For a player who couldn’t cross the second round of a top-tier World Tour event since the Japan Open in September last year – a string of eight early losses – Lin proved that he is far from being done at the elite level of the sport. In his first major World Tour final since the All England of 2018, Lin Dan showed the savviness that had won him five world championships and two Olympic gold medals.
Chen was the favourite going into the match, and through the early part of today’s final, had things under control. His impeccable defence appeared to wear Lin down, and the first game was in the bag quickly.
The complexion changed early in the second with Lin going for sharper angles; his wicked lefty half-smashes started to home in on the lines, and Chen struggled to adequately find a response.
Lin’s control of the shuttle, after his early struggle with the drift, and his court management decided the terms of the match. In position on every shot, and dictating the rhythm of most rallies, Lin kept Chen reacting to his questions, instead of dictating his own.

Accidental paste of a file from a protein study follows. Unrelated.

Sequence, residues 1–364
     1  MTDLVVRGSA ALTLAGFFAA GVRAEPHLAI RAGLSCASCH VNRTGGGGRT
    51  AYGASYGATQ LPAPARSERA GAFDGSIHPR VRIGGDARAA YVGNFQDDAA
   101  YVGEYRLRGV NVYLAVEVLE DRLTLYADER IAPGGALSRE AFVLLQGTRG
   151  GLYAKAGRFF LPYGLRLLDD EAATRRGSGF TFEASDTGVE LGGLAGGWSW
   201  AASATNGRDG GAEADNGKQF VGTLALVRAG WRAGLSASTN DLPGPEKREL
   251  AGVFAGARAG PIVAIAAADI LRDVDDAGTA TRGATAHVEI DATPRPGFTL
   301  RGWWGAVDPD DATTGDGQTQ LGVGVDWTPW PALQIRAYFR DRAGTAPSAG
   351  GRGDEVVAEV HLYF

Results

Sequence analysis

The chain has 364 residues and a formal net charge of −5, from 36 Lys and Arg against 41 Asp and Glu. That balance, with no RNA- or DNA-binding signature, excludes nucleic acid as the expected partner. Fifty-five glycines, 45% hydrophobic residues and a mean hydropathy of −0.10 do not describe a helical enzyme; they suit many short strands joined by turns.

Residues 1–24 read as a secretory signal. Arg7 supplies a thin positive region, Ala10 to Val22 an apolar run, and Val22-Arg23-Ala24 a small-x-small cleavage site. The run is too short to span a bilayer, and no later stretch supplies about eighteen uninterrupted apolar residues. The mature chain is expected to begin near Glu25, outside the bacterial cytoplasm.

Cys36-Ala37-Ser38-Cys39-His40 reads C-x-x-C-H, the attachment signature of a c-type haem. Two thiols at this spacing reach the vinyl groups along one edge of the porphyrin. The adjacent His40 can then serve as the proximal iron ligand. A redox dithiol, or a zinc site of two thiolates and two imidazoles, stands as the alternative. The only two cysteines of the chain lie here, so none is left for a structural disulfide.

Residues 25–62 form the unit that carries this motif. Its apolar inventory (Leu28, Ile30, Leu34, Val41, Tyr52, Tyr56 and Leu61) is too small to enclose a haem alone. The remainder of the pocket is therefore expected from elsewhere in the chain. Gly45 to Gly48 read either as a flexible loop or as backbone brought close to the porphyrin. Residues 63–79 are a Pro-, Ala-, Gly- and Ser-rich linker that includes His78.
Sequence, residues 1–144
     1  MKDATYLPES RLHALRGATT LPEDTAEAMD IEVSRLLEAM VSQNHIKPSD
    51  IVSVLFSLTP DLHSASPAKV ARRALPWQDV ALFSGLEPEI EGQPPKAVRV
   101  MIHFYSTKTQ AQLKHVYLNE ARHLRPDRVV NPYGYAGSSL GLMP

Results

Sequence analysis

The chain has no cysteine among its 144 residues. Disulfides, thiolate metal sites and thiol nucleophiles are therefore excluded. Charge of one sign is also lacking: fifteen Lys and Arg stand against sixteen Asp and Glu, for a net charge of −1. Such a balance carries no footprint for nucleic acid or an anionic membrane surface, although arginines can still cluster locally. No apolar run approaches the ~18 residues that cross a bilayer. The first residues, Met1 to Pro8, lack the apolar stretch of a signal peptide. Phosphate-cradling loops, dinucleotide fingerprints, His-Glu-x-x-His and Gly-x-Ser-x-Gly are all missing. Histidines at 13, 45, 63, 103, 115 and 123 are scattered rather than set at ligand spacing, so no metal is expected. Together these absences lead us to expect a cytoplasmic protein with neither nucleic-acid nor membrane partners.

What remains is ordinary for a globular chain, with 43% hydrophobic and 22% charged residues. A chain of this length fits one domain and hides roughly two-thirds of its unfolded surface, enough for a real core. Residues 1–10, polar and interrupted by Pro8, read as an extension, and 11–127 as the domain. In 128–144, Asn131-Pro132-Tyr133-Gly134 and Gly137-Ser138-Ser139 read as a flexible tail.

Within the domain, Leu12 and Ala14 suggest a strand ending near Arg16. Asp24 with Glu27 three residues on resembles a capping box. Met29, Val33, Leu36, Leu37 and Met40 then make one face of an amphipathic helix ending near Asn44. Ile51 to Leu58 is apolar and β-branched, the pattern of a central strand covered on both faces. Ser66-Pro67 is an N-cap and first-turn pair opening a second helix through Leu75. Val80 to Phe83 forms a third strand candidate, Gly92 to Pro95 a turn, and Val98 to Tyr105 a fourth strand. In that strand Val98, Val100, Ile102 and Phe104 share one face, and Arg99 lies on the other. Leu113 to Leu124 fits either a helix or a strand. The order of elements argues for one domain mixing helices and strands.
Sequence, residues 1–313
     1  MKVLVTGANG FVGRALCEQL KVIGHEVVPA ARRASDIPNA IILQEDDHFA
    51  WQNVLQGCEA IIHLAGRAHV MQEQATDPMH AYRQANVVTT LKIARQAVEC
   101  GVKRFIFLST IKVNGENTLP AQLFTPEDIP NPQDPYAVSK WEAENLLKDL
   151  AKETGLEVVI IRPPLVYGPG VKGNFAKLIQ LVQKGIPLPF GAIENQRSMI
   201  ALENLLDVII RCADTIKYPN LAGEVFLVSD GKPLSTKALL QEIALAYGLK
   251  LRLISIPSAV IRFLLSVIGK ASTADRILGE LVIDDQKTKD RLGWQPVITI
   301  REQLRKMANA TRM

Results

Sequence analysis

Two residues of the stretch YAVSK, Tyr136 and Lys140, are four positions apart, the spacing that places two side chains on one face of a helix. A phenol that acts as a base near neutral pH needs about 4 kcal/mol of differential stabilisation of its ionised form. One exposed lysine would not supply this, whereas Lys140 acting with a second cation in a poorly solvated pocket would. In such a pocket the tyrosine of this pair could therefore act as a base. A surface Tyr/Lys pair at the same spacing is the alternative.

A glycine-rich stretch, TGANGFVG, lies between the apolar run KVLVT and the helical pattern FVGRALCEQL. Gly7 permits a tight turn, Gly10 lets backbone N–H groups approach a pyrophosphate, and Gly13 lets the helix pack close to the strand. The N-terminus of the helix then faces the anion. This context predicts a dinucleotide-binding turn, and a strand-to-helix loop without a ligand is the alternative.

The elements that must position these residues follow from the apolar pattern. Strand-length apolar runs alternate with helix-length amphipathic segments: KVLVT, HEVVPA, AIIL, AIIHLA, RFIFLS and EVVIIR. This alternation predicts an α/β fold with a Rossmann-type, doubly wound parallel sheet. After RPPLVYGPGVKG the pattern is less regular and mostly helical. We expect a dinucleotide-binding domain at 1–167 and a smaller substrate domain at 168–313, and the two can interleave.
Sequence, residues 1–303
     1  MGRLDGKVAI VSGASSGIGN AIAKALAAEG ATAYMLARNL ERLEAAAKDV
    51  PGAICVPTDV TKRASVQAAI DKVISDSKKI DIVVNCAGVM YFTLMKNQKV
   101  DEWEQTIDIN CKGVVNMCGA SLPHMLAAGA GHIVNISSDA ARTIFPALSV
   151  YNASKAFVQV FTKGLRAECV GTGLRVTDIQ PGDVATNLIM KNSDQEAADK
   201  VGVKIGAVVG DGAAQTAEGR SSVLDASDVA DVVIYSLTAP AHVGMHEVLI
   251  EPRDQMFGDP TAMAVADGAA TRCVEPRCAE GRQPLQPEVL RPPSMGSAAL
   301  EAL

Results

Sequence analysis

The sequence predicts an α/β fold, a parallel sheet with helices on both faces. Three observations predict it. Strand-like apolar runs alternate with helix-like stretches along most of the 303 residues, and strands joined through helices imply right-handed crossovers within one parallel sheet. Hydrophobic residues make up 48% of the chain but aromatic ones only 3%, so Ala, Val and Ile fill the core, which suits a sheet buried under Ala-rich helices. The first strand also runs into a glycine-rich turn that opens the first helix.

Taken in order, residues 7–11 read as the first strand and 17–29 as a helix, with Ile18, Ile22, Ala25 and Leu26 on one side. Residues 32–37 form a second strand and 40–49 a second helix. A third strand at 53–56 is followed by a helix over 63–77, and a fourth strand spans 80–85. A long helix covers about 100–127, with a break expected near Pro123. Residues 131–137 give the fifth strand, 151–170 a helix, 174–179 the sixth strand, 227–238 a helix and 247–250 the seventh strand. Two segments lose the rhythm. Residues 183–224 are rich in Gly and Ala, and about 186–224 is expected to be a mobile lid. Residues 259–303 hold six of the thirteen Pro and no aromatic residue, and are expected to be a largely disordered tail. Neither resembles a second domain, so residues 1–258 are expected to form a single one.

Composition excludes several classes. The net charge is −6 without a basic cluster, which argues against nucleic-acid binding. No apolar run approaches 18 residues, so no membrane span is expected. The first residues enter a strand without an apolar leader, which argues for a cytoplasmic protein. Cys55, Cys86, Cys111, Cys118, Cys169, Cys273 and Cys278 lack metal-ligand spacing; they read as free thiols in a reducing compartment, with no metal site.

The third game showed the full extent of Lin’s control over the match, for Chen’s doubts manifested in misjudgement of the lines, smashes that went wide, and loss of touch at the net.
Having won the last point, there was no extravagant celebration from the 2017 champion – he sank to the floor, head bowed. If not his greatest win, this would surely count among the most unexpected.
“My performance last year was not ideal. As a result I was under a lot of pressure and I had doubts about myself,” said Lin Dan.
“I have been playing for so many years, now that I’m at the tail end of my career, I hope everyone can understand that it’s normal that my form fluctuates. I feel that I played well in this Malaysia Open because I was very determined, in good form and hungry for victory. I didn’t play at an exceptionally high level in this tournament, all I did was stick to my strategy and play to my strengths.”